Srin Madipalli: Undeniably. Given the kind of disability that SMA is, I think it is impossible to un-couple disability to any decision made, like whether it be job search or where we travel, or where we live, I think a condition like SMA, what we have, I think it intertwines with so many aspects of our life, I don’t think you can ever realistically uncouple it from anything.
Srin Madipalli: So in terms of career search and job applications, so if I hop back towards the end of my time at university and I’m looking and I’m applying for my first roles, for me it was important to apply for something or take a career path where having a physical disability was going to be less of an issue, hence why I didn’t go down the legal path, because my perception at the time, and I think has been validated since that careers like law are more about your mind and your capability of interpreting the law and advising clients and less dependent on physical ability. So therefore having a disability doesn’t really… It’s less of a disadvantage compared to like, I don’t know, if we were doing something that required physical labour every day.
Srin Madipalli: And so from one level, yes, I try to think about careers where my disability is less likely to pose a massive obstacle and where I can lean into the things that I am good at, rather than be held backed by things around my disability. Secondly, at the time, I’d say less this was about disability, but more about the economic impact of disability. I was very conscious that unemployment rates around disability can be higher, so it was really important for me that my first role was with somebody reputable and I really wanted to make sure that I worked with an organiser, or I invested my efforts and time to apply to organisations, or I knew if I could get my first role there, that in itself would mean future job opportunities become easier to get.
Toby Mildon: Yeah, absolutely. Yeah, that’s pretty much the same thinking that I had when I left university and was looking for my first jobs as well. And I’ve ended up in jobs that it’s about what you bring with your mind, your creativity, your analytical skills, that kind of thing that really counts. The thing is like when you were creating Accomable, I used to always explain to people that it’s just like Airbnb but for disabled people. And then in 2017, Airbnb brought you out. So I don’t know if that was serendipitous but why did Airbnb?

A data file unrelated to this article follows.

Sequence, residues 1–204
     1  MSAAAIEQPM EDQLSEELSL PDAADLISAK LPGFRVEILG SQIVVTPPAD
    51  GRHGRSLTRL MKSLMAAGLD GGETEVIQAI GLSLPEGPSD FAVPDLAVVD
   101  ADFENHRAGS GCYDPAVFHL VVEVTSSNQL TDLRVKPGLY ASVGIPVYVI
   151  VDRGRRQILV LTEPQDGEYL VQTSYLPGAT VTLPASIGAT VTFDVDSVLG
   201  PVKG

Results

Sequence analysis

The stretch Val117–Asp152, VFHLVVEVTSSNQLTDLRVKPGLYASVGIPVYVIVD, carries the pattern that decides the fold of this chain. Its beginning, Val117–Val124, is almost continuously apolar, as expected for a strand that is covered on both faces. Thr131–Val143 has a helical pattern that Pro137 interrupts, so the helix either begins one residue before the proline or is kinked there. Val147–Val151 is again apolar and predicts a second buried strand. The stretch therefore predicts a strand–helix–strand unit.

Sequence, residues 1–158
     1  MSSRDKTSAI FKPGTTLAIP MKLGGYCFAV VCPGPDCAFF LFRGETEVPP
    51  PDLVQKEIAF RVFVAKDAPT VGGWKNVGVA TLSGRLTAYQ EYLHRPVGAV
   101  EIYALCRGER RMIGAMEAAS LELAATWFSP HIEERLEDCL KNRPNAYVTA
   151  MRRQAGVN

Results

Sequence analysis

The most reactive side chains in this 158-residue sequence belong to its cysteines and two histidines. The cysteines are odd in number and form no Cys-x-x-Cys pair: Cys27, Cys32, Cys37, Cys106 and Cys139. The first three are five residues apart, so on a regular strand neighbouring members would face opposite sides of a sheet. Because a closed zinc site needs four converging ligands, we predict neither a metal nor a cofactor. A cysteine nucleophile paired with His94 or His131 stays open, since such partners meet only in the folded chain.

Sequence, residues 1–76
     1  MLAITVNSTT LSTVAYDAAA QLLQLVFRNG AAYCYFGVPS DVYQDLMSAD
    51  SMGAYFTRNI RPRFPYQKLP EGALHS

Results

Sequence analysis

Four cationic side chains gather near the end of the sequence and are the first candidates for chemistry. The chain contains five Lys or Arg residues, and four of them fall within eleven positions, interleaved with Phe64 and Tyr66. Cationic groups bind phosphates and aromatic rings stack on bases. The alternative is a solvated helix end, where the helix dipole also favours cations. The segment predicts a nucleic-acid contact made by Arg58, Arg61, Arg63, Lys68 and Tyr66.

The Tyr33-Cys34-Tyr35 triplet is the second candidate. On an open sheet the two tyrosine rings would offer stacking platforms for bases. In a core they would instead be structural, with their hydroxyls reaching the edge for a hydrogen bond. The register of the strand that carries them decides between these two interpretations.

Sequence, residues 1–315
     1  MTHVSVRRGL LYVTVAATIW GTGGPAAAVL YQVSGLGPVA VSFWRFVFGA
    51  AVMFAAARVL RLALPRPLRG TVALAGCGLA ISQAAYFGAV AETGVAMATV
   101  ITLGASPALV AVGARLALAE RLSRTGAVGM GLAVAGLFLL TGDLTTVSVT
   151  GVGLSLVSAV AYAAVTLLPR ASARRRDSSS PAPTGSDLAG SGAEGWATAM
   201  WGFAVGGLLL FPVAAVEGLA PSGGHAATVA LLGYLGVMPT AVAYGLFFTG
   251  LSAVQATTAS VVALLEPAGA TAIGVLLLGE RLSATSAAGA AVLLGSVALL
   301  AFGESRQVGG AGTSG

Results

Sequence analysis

Srin Madipalli: Yeah, it was all thanks to you, Toby. It was that description that basically done the deal.
Toby Mildon: But I should have got some commission for my marketing tagline work right there, but…
Srin Madipalli: Thank goodness the invoices never come, yeah.
Toby Mildon: I just say, loads of people set up businesses and they go, “It’s like the Uber of… ” or, “It’s like the Deliveroo of… ” They always kinda link it back to one of the big brands. But Airbnb did buy you out in 2017, why did they take interest in Accomable and why did they want to incorporate you into their product?
Srin Madipalli: There’d been a multitude of factors that led to the acquisition on both our sides. So from the Accomable side, we were looking, at the time, so in the summer of 2017, we were looking for much more investment, so the platform had outgrown itself, we were having more demand than what we could cope with and we needed a massive injection of capital to invest in our infrastructure in order to scale the business. And we were looking for a partner who could help us scale and one of my investors at the time suggested maybe speaking to another travel business that already had that scale and reach to see whether there could be some tie up. Through that investing network, the introduction to Airbnb was made.
Srin Madipalli: From the Airbnb side, the decision to make an acquisition of Accomable was the culmination of multiple things. There had been a various amounts of criticism in the press about the inability of disabled people to use Airbnb because of inadequacies in the product. There’d been a lot of complaints and there’d been a lot of external pressure that had been exerted in order to help, in order to influence the company to improve, and I think on a reciprocal, internally, it is a company with a lot of good people that wanna do the right thing. And there’d also been an internal drive to seek expertise in order to do this better and I think there was an understanding that, and as you know, Tobes, and probably many of the folks on this podcast listening will attest to, that understanding the needs of disabled people is very hard unless you’re either immersed in the community or you have personal experience. And all credit to the decision to makers at Airbnb, instead of trying to make it up as they went along, the decision was made to go out there and seek expertise. So there was a combination of push and pull factors that brought us closer to Airbnb, but also brought Airbnb to want to acquire us as well.